Some family members of Corporal Douglas Hughes say they want
an open inquest to satisfy their questions over the soldier's
Coroner Gordon Matenga last week found that Corporal Hughes'
death was a suicide. But he did not open an inquest and said
he was satisfied with the investigation that was conducted by
the Defence Force court of inquiry, details of which he
But Corporal Hughes' uncle Mike Poa said the family held
strong concerns about the Defence Force's handling of the
He would not discuss the issue in detail before a whanau
meeting because the family wanted to present a united front
in confronting their concerns.
"We're not embarrassed by the fact he [Corporal Hughes] is
gay. I just feel personally they didn't do enough to support
him. My feeling is perhaps he lacked access to the assistance
"I don't think we've been told the truth," said Mr Poa.
Corporal Hughes' mother, Venus Poa, is due back from a trip
to Australia tomorrow, Mr Poa said.
The family planned to meet and discuss what steps to take now
that there will be no coronial inquiry, he said.
"I just want to get to the bottom of things. The army have
abdicated their responsibility."
He said the family had hoped the coronial inquiry would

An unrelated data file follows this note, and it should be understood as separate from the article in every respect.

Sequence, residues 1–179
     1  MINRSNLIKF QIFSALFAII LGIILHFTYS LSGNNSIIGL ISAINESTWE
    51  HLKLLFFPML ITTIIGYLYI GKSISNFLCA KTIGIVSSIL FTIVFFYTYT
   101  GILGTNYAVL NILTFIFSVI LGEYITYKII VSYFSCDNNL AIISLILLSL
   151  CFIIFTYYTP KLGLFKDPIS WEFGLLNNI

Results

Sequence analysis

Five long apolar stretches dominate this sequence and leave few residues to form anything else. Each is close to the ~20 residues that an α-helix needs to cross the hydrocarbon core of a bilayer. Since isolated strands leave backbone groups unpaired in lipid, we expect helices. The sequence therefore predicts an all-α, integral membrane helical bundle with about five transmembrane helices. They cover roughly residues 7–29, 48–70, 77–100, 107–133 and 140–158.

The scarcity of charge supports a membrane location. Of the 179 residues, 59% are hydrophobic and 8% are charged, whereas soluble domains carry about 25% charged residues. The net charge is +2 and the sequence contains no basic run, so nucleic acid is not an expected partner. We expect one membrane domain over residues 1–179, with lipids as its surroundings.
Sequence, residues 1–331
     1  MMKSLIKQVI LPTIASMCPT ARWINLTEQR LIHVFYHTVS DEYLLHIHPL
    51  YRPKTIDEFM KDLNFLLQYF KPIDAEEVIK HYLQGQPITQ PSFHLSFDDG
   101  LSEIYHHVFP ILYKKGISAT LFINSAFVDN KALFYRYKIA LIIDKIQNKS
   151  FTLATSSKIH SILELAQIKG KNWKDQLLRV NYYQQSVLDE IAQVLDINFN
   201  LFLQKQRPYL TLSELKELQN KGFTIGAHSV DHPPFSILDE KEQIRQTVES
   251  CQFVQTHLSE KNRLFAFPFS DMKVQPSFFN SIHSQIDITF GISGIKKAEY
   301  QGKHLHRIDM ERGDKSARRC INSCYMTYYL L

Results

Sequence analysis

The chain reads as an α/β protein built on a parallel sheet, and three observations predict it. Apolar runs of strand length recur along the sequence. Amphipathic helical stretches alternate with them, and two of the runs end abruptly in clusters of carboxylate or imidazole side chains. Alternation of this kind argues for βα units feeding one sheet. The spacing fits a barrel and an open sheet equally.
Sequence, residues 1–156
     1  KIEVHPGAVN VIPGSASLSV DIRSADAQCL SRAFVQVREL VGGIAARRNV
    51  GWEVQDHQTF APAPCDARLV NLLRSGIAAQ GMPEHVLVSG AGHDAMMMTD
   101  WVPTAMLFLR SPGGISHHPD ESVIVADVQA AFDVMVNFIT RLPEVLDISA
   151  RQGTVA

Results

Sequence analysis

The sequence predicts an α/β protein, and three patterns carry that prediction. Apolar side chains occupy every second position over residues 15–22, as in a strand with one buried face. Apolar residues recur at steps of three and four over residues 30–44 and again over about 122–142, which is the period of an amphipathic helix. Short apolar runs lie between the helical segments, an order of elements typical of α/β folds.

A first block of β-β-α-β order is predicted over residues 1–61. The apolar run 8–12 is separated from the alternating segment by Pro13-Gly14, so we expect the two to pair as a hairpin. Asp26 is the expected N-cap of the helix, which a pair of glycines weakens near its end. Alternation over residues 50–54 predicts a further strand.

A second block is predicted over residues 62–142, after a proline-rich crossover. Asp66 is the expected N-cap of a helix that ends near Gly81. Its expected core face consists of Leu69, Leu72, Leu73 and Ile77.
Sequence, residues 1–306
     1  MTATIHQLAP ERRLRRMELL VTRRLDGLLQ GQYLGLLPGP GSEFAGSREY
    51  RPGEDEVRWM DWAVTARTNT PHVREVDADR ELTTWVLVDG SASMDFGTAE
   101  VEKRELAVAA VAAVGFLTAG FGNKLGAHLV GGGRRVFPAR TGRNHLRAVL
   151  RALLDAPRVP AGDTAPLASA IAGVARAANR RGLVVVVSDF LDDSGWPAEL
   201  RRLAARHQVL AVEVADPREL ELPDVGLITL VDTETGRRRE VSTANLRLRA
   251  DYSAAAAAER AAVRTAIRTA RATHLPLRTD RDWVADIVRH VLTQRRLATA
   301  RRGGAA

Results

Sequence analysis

satisfy their questions and he was angry Mr Matenga had
decided not to hold an inquest.
"It's his job to do an investigation."
Former Defence Minister Phil Goff has backed the family.
"I'm not throwing the blame on any particular individual on
this," said Mr Goff, now Labour's defence spokesman.
"I'm just saying that when you have a tragedy of this nature,
it's really important to learn all of the lessons of it so
you can avoid it happening again.
"Only if you bring it out in the open can you seriously start
to address it."
Mr Goff wants the decision overturned by the Chief Coroner or
Solicitor-General, as is possible under the Coroners Act.
Corporal Hughes was serving at Romero base in Bamiyan
province at the time of his death on April 3 last year in the
presence of a colleague.
"This is not about a witch-hunt," said Mr Goff. "It is about
finding answers which will assist the Defence Force to help
prevent a death of this nature again.
"You need to get to the bottom of it, and frankly there are
times when it is better dealt with outside of the Defence
Force than simply through a court of inquiry.
"Fresh eyes and an outside perspective may well be of real
assistance to the Defence Force in putting the right policies
The family reportedly believe Corporal Hughes was bullied
because he was gay and received no support from commanders.
But Defence Minister Jonathan Coleman told the Herald
yesterday that he did not believe anything could have been
done to prevent the tragedy.
Asked about the New Zealand Defence Force in terms of its
attitude to homosexual defence personnel, Dr Coleman said he
did not have concerns about the force's attitude but could
not account for the attitudes of every person in the
"I don't have any concerns about the institutional framework
The Defence Force has had a policy of accepting gay personnel
in line with the decriminalisation of homosexuality in 1986
and the Human Rights Act 1993.
About a year ago the OverWatch group was formed as a support
group for gay personnel and an advisory group for Defence
hierarchy. It marched in the Auckland Gay Pride Parade last
- Audrey Young and David Fisher of the New Zealand